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Thomas F. Gilbane

(1854-1927) ~ Inducted 2017

Humble origins have been the hallmark of many American and Rhode Island success stories. Not many can match the saga of the Gilbane Brothers and the establishment of the multinational Gilbane Building Company.

The Irish potato famine of the1840's sent myriads of Hibernian refugees to North America. And so it was with Thomas and Bridget Gilbane--from County Leitrim--who settled in Rhode Island in 1845 with their Irish-born first son, William. Another sibling, Thomas, was native born in 1854.

William and Thomas served apprenticeships to be carpenters, a highly skilled trade, unusual for Irish-Catholic immigrants at the time. Furthermore, the Gilbane boys attended several different night schools, including the Rhode Island School of Design--another peculiar penchant for uneducated Irish newcomers.

Rhode Island, like the rest of Gilded Age America, underwent a major building boom. The Gilbanes literally hammered their way to prominence with expert craftsmanship, quality control, and on-time service. Their schooling prepared them for the challenge of establishing their own construction and contracting operation in 1873; the same year that a depression shook the country and almost toppled Rhode Island financially. Notwithstanding, the brothers persevered with their quality skills and willingness to tackle even the smallest jobs to stay afloat.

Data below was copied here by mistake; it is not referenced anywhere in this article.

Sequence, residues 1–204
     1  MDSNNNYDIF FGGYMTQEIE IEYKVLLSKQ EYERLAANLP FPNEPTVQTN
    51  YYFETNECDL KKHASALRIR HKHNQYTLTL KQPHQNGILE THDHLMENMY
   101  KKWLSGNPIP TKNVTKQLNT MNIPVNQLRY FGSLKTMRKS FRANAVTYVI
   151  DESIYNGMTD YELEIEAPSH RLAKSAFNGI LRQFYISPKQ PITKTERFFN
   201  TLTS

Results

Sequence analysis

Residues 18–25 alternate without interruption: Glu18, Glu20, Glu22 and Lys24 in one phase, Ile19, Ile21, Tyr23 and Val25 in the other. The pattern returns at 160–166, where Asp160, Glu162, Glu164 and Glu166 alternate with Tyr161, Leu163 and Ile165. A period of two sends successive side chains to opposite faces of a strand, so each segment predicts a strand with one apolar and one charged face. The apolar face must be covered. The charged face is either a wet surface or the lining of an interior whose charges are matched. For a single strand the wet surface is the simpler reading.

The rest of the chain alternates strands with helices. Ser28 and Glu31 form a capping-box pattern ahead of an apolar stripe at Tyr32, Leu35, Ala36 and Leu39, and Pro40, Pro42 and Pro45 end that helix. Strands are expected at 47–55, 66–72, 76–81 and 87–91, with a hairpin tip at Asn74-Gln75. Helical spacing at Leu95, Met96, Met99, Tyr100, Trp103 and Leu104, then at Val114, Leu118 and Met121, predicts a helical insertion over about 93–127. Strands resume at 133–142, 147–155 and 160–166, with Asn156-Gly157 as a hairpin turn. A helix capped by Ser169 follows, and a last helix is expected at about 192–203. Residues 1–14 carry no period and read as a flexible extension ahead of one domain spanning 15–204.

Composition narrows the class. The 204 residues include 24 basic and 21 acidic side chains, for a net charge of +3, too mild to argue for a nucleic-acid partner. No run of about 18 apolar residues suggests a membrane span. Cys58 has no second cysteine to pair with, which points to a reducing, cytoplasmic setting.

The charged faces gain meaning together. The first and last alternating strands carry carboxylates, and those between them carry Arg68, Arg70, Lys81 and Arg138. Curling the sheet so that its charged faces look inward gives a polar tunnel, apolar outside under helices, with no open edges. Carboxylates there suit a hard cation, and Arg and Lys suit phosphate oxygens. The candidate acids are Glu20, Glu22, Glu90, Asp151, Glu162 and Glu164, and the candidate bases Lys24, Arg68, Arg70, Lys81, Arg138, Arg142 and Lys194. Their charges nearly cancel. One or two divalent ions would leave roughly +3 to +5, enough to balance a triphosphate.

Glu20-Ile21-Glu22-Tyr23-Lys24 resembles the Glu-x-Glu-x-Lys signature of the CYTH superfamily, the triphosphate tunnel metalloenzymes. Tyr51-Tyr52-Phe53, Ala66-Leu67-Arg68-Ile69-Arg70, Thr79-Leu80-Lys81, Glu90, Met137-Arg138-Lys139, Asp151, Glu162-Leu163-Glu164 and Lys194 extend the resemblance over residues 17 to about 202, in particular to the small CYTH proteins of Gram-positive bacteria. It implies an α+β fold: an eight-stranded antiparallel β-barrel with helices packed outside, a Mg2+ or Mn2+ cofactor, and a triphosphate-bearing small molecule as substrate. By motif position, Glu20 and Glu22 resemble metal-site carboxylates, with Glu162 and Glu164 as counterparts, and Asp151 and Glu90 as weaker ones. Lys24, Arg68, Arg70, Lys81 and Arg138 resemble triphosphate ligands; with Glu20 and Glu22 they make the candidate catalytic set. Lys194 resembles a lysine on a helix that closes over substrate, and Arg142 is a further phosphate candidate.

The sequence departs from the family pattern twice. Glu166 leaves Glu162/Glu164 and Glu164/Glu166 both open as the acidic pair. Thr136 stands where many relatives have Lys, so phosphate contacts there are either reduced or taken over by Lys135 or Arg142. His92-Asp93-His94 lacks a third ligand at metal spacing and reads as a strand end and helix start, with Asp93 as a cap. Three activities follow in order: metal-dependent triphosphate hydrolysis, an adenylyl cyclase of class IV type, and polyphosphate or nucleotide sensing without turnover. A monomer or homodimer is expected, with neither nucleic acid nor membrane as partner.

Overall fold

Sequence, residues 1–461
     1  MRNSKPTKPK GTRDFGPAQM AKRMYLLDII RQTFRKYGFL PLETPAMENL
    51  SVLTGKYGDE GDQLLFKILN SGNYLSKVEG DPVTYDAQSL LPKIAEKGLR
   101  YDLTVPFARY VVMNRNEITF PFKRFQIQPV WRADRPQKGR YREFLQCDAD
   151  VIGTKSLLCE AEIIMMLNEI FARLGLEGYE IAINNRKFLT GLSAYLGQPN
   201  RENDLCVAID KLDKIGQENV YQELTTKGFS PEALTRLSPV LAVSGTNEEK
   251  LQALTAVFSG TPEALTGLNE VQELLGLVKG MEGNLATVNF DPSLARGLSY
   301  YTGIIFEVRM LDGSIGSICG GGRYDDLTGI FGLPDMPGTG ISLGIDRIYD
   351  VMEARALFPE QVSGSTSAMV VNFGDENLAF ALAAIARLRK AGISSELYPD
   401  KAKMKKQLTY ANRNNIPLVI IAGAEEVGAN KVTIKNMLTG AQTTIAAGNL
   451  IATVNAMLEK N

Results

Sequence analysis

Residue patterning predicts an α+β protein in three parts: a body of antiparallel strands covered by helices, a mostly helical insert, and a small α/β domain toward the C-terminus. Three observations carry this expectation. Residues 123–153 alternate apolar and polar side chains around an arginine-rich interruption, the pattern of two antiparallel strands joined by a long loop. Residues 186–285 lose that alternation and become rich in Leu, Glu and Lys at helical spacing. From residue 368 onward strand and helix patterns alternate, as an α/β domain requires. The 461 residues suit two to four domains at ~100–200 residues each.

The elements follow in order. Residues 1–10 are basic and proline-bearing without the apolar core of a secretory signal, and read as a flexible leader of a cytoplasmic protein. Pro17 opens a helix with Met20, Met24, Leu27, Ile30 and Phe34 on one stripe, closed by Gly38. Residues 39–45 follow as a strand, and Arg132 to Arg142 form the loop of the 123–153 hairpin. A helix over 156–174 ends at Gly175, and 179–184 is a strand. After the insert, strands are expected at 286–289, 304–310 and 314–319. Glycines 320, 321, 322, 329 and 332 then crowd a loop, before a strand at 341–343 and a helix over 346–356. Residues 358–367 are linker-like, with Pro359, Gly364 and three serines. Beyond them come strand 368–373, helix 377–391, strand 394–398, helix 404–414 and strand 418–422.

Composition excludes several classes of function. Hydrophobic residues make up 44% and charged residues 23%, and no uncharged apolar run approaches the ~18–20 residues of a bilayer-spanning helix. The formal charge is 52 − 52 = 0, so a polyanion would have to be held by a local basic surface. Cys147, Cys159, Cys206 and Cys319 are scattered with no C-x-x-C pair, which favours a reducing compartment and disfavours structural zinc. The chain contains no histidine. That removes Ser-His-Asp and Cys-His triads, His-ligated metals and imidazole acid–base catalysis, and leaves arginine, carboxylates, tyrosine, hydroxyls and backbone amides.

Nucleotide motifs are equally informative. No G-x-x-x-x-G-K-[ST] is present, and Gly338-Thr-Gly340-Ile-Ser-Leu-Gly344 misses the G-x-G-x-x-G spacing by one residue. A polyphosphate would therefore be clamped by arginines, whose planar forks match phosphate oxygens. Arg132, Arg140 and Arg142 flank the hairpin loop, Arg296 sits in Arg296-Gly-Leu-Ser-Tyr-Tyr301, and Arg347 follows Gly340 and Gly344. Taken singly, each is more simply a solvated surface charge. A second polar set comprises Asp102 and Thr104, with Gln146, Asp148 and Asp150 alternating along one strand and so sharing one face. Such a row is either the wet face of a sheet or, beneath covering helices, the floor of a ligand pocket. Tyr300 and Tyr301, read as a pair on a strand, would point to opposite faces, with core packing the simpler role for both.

When the commercial fog finally lifted the Gilbanes expanded their full-service horizons to include planning, inspections, and estimations. In the 1880s and 1890s, they pierced the skies of Providence with churches, commercial buildings, hospitals, schools--and even occasional private homes like the magnificent Joseph Banigan estate near Wayland Square.

While they invented reinforced concrete to buttress the foundations of their edifices, they also created the next generation of builders siring eight children between them including seven girls. The only boy was named Bill. In 1889 the founders erected a headquarters in Providence; it burned in 1897 but led to the construction of an even more imposing workplace on Harris Avenue.

Buildings followed continuously: Butler Hospital, the Roger Williams Park Casino and Museum, the capital city's central fire station, and numerous structures at Brown University which conferred an honorary doctorate on the family in 1959. This honor stemmed from the long-standing interaction between the university and the family--one that produced two legendary Brown athletes, Thomas F. and William J. Gilbane, both of whom were inducted into the Hall of Fame in 1977.

The original Irish brothers had employed an unusual skill set to achieve such notoriety and popularity. They flourished in the liberal atmosphere of the United States despite the bigotry toward their own kind. They embraced challenges, practiced quality control, invented construction material, and practiced entrepreneurial characteristics. They left the Irish ghetto physically and mentally to gather on the plains of Yankee success. But they never forgot where they originated.

William Sr. retired at age 60 and brought his son, William, into the firm to join his younger, founding brother Tom. In 1908, this duo incorporated the business's name: the Gilbane Building Company. The brothers watched over an expanding family and operation until they both died within weeks of each other in 1927.

Today the firm has operations throughout the United States and in many other nations. The founders' progeny still manage the operation while retaining the pioneers' innovative tactics and progressive labor relations.


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